I still remember so vividly those days when we would hold their tiny hands to help them take their first steps; or how I used to take those little hands in mine, to show them how to properly hold the pencil; The days in which we invested hours to teach them how to ride a bike without training wheels or try a new pair of skates have passed by.
We have taught them how to read, to write, to be polite at the table, to speak different languages, to love books, to read their Bibles, to say “thank you” and “please”; to love and obey Mom and Dad; to live with open hands; to take a plane; to use wisely their time on their computer, to live happy, to set the table, to bake and cook; to drive and swim…
But, we almost forgot to teach them how to pray.
We taught them, since they were little infants, that they should pray, we would lead them into prayer, and they would see that prayer was indeed part of our family. But we just realized we had never set apart a special time to teach them how to pray.
One disciple asked the Master, “Lord, teach us to pray, just as John taught his disciples.” He knew that certain things do not “just” happen, they most be learned. And someone needs to teach them.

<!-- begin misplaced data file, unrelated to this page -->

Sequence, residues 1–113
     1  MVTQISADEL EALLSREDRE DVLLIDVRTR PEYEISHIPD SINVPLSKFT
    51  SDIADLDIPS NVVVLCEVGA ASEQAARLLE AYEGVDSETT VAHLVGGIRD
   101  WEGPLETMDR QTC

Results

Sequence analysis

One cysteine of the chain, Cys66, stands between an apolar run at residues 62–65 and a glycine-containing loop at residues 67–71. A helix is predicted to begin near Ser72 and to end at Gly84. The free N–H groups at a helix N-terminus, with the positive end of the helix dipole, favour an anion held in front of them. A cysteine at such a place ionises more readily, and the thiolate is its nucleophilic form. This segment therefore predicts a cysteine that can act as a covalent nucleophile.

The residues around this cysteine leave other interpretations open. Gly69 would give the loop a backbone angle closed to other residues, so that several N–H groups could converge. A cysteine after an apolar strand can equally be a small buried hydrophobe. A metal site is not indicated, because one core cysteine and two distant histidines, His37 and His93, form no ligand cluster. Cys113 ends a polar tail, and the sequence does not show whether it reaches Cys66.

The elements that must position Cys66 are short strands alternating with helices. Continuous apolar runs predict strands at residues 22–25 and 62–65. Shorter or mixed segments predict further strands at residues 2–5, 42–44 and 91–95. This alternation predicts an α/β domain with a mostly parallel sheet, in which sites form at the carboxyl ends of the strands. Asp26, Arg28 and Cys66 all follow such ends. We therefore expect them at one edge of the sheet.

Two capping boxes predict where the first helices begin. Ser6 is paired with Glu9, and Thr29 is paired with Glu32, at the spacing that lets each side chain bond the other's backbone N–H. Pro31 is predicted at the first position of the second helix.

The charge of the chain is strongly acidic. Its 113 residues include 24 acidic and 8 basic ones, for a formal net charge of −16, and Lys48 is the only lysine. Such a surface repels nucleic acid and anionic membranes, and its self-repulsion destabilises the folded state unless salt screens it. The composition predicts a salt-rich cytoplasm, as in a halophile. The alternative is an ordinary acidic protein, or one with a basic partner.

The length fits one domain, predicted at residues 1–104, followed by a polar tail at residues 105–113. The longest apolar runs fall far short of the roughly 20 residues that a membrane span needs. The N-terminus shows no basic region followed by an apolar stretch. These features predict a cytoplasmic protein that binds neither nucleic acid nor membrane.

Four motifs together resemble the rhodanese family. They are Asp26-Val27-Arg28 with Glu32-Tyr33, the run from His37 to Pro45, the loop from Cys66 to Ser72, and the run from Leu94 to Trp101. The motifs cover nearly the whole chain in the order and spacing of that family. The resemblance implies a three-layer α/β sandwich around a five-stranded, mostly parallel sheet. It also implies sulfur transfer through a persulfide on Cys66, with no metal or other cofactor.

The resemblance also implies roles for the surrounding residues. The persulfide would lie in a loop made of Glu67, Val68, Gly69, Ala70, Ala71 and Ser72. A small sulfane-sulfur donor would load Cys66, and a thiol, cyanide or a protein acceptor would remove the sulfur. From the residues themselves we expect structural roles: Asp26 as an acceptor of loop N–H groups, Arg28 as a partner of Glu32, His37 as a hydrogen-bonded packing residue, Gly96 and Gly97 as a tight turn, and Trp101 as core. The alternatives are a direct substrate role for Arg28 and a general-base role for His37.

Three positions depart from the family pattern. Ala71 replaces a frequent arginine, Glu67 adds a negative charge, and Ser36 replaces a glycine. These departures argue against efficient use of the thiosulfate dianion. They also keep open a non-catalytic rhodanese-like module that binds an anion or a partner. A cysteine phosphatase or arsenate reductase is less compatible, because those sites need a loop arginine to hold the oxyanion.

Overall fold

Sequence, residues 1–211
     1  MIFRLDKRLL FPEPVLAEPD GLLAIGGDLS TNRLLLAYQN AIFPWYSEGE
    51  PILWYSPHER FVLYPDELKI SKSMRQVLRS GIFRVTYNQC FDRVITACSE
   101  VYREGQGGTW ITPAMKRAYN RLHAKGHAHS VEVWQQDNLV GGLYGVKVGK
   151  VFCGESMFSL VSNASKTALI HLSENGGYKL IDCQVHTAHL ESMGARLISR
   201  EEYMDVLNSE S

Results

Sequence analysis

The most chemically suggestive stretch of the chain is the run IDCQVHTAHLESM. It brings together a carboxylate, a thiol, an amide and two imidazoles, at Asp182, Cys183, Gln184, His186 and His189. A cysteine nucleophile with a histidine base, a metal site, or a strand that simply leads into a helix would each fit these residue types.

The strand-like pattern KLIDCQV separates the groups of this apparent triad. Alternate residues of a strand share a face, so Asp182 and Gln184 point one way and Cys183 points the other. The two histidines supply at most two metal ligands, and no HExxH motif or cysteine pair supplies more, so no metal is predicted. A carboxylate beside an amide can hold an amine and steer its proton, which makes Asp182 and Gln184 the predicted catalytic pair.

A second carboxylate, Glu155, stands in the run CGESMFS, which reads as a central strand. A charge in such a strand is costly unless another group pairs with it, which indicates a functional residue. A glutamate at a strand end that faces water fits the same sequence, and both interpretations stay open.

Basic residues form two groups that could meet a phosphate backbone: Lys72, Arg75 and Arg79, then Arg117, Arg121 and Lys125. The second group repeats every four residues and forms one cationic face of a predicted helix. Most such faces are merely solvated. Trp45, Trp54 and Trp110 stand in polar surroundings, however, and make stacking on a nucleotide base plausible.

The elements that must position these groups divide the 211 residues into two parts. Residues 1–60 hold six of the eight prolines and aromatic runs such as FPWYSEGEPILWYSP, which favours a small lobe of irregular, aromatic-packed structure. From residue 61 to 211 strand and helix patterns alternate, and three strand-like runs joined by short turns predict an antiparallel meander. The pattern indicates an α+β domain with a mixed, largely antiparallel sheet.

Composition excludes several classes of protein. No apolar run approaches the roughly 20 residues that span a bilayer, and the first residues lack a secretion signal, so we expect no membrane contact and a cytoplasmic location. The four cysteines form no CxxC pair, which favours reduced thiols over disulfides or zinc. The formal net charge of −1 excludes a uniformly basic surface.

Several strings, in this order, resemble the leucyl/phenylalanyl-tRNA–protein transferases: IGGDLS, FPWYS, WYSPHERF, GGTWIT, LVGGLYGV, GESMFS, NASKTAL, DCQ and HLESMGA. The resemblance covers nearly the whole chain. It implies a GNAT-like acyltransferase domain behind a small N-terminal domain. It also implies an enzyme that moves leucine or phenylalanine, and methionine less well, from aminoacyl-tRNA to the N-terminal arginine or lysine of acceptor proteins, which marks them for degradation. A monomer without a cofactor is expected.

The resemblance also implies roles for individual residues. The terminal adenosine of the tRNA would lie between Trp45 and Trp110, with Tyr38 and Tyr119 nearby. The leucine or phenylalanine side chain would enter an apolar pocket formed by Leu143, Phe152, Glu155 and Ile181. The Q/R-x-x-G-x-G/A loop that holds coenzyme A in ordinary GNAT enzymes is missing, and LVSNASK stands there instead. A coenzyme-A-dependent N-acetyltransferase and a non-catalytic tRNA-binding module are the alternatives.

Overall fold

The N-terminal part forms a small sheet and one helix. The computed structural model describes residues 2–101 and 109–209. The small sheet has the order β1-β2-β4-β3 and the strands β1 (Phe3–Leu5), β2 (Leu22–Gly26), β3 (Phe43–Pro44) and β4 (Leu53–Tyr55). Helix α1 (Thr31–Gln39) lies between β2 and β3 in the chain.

A barber, in a cool spring in the 1530’s asked Martin Luther to teach him how to pray, he answered him writing a short treatise entitled “A Simple Way to Pray; for a Good Friend“
This is another reminder on how we fail as parents every day and yet God’s grace comes and lifts us up, and helps us to keep up with the race.
How are we teaching our children to pray?
At the family table.
We bring our Bibles, and read the Lord’s Prayer together every day; we make it ours and pray over it, we meditate on its words, we talk about its meaning, and then we pray.
Several books will be our companions this summer, and we have started with these:
I will post the new titles as soon as they arrive in the mail and we start studying them.
A prayer guide that has been a great blessing to me, is the one Valerie put together a while ago.
We took time in December to ponder and study the Incarnation, we waited during the Advent season, and then we celebrated the God-Man in the Manger We did not want to miss the opportunity to study the Atonement, and we placed a cross where the Christmas tree was; we celebrated the risen Christ, and studied what this means; but, on how to pray, we almost forgot to teach them that.
We think we are teaching them, yet we are just learning.